After a late night at Personalfest we caught the 9AM train to Stockholm to spend the weekend checking out the capital.Â This was the first trip to the “big city” for each of us even though we’ve flown into Stockholm a few times each now. The train makes the trip a breeze going city centre to centre in just under 90 minutes.
All the superlatives you may have heard about Stockholm being a beautiful, clean, efficient, expensive, etc. city are true.Â Even though the weather wasn’t perfect (what can you expect in October) we really had a nice time checking out the city and are already planning a return journey in December to check out the famous Christmas markets.Â Two days was just enough to give us a little taste; I think you could easily spend a week checking out the sites.
Saturday was quite grey with on and off rain, but we have Gortex so we braved the conditions and explored the city.Â We started by crossing Lake MÃ¤laren into the old part of town on the island known as Gamla Stan.Â The old town’s narrow cobbled streets are lined with various shops, some very touristy and others not so much.Â It reminded me a little bit of Old Town Prague but more narrow and lessÂ twisty.Â The crowds were still decently large given the weather, so I assume that in the summer it must be packed.Â The old town is home to the Royal Palace as will as the Riksdaghuset (House of Parliament).
We kept walking and made it to SÃ¶dermalm where we climbed up the cliffs to Katarinahissen which gives a nice view of the city.
As we were getting kind of cold and wet we decided to check out the nearby Stockholm Stadsmuseum which happened to be free which is always a bonus.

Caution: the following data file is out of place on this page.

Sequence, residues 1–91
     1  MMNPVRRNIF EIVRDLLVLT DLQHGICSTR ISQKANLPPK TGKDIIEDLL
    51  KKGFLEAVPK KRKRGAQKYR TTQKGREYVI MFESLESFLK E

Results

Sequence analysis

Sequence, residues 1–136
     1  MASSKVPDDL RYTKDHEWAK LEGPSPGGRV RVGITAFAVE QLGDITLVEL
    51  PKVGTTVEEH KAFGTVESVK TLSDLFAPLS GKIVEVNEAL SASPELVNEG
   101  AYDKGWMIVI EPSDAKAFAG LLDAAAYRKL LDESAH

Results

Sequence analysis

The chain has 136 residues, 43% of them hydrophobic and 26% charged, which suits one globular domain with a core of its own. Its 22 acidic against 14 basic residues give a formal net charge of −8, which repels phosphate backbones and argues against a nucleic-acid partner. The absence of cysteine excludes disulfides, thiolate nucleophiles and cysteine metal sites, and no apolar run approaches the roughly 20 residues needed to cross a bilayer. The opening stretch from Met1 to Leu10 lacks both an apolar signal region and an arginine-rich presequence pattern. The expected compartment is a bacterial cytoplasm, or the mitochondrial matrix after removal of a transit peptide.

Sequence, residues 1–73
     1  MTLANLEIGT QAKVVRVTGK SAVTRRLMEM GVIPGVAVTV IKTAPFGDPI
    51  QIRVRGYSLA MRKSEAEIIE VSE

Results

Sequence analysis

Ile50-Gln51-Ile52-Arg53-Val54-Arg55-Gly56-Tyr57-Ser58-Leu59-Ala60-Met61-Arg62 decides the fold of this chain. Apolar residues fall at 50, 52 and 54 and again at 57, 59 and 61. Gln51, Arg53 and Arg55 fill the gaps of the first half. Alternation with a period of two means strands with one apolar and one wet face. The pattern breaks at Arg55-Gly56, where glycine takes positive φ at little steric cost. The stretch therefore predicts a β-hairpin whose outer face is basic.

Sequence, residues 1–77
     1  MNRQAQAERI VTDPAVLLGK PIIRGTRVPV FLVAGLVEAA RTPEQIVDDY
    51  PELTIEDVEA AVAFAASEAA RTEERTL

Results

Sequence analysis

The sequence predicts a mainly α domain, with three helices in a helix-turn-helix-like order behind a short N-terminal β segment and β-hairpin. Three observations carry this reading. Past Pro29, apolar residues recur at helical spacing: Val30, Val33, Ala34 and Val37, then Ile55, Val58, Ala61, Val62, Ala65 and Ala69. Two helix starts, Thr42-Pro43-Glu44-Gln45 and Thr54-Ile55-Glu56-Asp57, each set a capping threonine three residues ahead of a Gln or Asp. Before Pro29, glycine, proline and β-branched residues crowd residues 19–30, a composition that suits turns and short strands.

The museum was quite interesting; we learned about Stockholm’s development as a city on one floor and on another was a large exhibit of items related to Stockholm on film.Â Some of the craziest pieces were a number of props used in the Kenny Begins movie.Â Â As best we can tell it’s a fairly low budget Swedish sci-fi spoof.Â Many of the props were put together (quite ingeniously) out of stuff probably found at the local junk yard -Â notable were the phaser guns made from old hair dryers and the the costume of one of the “heroes” that looked like a bunch of waffle irons.Â Unfortunately photography was not allowed in the museum.
After seeing the museum we were kind of tired so we checked into the hotel and had a little rest before dinner.Â We ended up eating at a vegetarian restaurant recommended by the Lonely Planet guide.Â It turned out to be a nice buffet for a reasonable (for Stockholm anyway) price with a low-key relaxed atmosphere.Â We commented afterwards that a place like that in Vancouver would have a line around the block, but we were able to walk right in and have our pick of tables.
The weather was much improved on Sunday so we were able to see our attraction of choice: Skansen.Â Skansen, opened in 1833,Â is the worlds first open-air museum and it has charts the history of Sweden through the ages spread out over the large hill on DjurgÃ¥rden.Â There are many buildings (all wooden of course) from various periods showing how people lived, worked and played.Â There is also a zoo showcasing many of the animals of Scandinavia.Â Skansen is well loved by Stockholmers and is the site of many celebrations throughout the year including the Christmas, Midsommar,Â and attendance by the Royal Family on Swedish National Day (June 6th) each year.Â Even though many of the exhibits were closed for the season there was plenty to do and we stayed almost until closing time.Â Here are some of the highlights:
After a busy day at Skansen we wandered back to the train station and caught the 17:30 train which got us home just in time for dinner.
Here are a few more images of Stockholm taken during our wandering around: